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January 2012

The program this month was presented by Christian Bruggeman and Robin Roads, of the Oklahoma City Astronomy Club.  They discussed the OKCAC activities and programs, and explained the benefits of participating in the Night Sky Network.  The business meeting included the current treasurer's report, a final reminder to pay dues, a brief discussion about future events, ideas for greater involvement in public outreach, and an update on development of the program list for 2012.  A short review of astronomy news for 2011, and "Object of the Month" preceded the main program.

Business Meeting

Treasurer's Report

Beginning Balance - 12/01/11:                $1139.13

December Income:

Membership Renewals (7) -                       $93.33

New Memberships (2) -                             $40.00  

 David Cade and Sergey Pisetskiy

December Meeting Auction:                      $14.50

Ending Balance - 12/31/11:                    $1286.96


One last reminder was made for those members who have not yet paid club dues for the coming year.

Future Events

Arden Strycker summarized plans for our Winter Club Star Party.  The tentative date is Saturday, January 14, with the following weekend (January 20 or 21) as backup dates in case of bad weather.  Arden has already confirmed all three dates with the Wah-Shah-She Girl Scout Camp, where we will have access to a large open field for observing and the adjacent lodge for warm-up and indoor conversation.  This star party is intended for all members, regardless of experience level or equipment (or lack of it).  Telescopes will be set up, but are not required.  Binoculars will be good for observing, but those with no observing equipment will find this an excellent opportunity to observe through other members' scopes and binoculars.  A couple of experienced observers will be devoted to helping new and novice members get oriented to the sky, answering questions and providing observing tips and advice.  An email with additional details will be sent out several days before the event.  Don't miss this opportunity.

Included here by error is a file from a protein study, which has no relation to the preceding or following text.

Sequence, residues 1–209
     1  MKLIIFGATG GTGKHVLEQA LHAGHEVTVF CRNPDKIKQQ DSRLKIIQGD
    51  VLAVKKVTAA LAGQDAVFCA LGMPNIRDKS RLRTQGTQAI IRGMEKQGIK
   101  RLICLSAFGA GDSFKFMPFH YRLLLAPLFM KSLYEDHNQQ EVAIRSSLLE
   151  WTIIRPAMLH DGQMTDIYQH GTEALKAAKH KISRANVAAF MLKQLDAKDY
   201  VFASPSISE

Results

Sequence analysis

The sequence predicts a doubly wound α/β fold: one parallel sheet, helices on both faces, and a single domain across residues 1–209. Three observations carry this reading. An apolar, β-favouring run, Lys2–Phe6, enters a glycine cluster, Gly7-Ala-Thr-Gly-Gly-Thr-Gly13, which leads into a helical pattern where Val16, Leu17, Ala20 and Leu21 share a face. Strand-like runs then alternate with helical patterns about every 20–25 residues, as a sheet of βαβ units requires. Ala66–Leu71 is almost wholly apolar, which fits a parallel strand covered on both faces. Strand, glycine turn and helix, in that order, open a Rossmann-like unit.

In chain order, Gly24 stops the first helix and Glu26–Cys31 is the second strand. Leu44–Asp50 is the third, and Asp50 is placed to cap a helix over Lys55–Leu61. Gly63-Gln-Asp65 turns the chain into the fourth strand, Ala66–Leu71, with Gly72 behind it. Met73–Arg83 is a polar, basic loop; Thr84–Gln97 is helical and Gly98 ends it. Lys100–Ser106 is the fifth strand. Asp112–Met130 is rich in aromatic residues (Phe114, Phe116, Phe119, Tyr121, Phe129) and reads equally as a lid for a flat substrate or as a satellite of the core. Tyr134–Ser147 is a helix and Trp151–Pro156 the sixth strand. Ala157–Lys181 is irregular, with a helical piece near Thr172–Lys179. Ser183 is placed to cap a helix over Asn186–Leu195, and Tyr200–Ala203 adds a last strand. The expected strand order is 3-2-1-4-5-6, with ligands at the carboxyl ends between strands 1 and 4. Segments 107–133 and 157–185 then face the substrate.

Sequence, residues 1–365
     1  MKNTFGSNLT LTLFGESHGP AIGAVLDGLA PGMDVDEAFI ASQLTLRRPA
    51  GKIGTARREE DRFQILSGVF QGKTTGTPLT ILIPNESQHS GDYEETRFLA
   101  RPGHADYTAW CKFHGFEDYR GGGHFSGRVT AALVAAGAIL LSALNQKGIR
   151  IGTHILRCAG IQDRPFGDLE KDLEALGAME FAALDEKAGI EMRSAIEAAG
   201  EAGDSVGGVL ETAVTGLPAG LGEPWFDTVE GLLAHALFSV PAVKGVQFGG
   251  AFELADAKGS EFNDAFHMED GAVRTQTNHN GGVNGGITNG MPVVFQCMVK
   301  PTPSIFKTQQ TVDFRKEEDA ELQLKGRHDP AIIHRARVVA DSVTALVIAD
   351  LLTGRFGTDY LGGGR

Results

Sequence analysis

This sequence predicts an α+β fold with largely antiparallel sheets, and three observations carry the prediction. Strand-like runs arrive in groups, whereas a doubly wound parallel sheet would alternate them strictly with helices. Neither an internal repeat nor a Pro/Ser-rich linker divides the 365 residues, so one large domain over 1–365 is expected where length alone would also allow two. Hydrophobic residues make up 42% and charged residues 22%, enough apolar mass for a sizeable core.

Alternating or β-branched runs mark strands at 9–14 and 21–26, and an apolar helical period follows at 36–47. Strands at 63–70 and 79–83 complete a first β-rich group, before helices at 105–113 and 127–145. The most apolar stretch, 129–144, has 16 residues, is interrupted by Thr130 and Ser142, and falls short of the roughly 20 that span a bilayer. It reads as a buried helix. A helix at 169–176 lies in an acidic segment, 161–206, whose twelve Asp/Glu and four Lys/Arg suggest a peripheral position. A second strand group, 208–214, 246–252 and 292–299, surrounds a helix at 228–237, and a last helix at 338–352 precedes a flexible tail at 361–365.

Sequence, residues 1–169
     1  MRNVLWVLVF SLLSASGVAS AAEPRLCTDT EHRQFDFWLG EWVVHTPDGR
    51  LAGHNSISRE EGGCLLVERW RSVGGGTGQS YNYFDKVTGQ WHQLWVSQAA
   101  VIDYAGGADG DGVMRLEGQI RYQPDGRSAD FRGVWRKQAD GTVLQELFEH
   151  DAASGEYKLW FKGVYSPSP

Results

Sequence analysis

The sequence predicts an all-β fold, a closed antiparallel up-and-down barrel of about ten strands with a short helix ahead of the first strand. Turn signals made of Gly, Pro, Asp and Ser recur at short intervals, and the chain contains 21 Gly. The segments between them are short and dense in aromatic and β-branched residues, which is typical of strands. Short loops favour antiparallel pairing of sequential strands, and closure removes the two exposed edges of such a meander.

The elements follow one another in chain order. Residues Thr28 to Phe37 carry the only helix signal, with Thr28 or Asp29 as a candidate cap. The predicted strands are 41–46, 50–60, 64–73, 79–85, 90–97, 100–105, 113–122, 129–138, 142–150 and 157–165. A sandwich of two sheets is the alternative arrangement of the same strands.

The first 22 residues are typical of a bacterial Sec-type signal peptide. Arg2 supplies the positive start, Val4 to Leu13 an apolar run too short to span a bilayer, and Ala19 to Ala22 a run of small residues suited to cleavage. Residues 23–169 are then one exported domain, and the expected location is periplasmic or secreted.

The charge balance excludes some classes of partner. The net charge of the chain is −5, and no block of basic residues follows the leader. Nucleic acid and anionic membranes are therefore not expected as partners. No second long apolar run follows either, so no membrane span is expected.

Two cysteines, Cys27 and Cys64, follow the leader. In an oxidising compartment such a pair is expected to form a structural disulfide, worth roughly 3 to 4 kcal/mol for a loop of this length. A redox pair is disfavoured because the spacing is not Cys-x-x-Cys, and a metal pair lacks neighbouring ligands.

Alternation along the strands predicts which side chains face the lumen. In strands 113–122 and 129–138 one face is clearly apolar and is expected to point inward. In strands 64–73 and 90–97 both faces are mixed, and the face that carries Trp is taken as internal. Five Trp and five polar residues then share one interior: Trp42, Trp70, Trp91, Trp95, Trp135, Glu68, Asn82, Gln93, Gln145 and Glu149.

Steve Plank reported that registration for Sunfest is $30 again this year, and ends on April 30.  Meeting attendees agreed that BAS should participate in Sunfest this year.  We will proceed with early registration in hopes of claiming a booth site with electricity and a clear view of the sky, so that we can display live images of the Sun.

Public Outreach

Steve Plank has agreed to serve as the club public outreach coordinator.  Among his first activities will be to establish BAS membership in the Night Sky Network, supported and sponsored by NASA and the Astronomical Society of the Pacific.  As explained by Christian Bruggeman in the main program, this makes available to BAS, a wide variety of resources and free educational materials, based on club participation in public events.  In addition, the club will have access to on-line scheduling and publicity of public astronomy events.

Within BAS, as an extension of Steve's "Beginner Stargazing" program, he is offering to provide individual mentoring to novice observers wishing to improve their knowledge and skills.  Steve will be available to assist beginners on relatively short notice.  Those interested should contact Steve directly.

Club Scope

We would like to begin an effort to acquire funds to purchase a large Dobsonian telescope to serve as a centerpiece for future public, educational and club events.  Several possible sources of funding, including grants, were discussed.  BAS will investigate these and other mechanisms for meeting this goal.

Future Programs

Program Director, Daryl Doughty, reported that he has been aggressively pursuing programs for 2012 ("twisting arms", in his words).  Fred Frey has agreed to do a program on mirror grinding and telescope making, Virgil Reese will present a program on Nucleosynthesis: The Universe as a Chemical Factory, and Arden Strycker has agreed to do a program on telescope collimation.  In addition, Daryl is finalizing scheduling for  a program by Boeing radar systems engineer, James Beauchamp, of Oklahoma City, on observing meteors with radio scanners and AllSky cameras.  Daryl is planning to do a program on Stellar Life Cycles.  As dates for these programs are finalized and additional programs are added, our 2012 program schedule list will be updated on our BAS Website Home Page .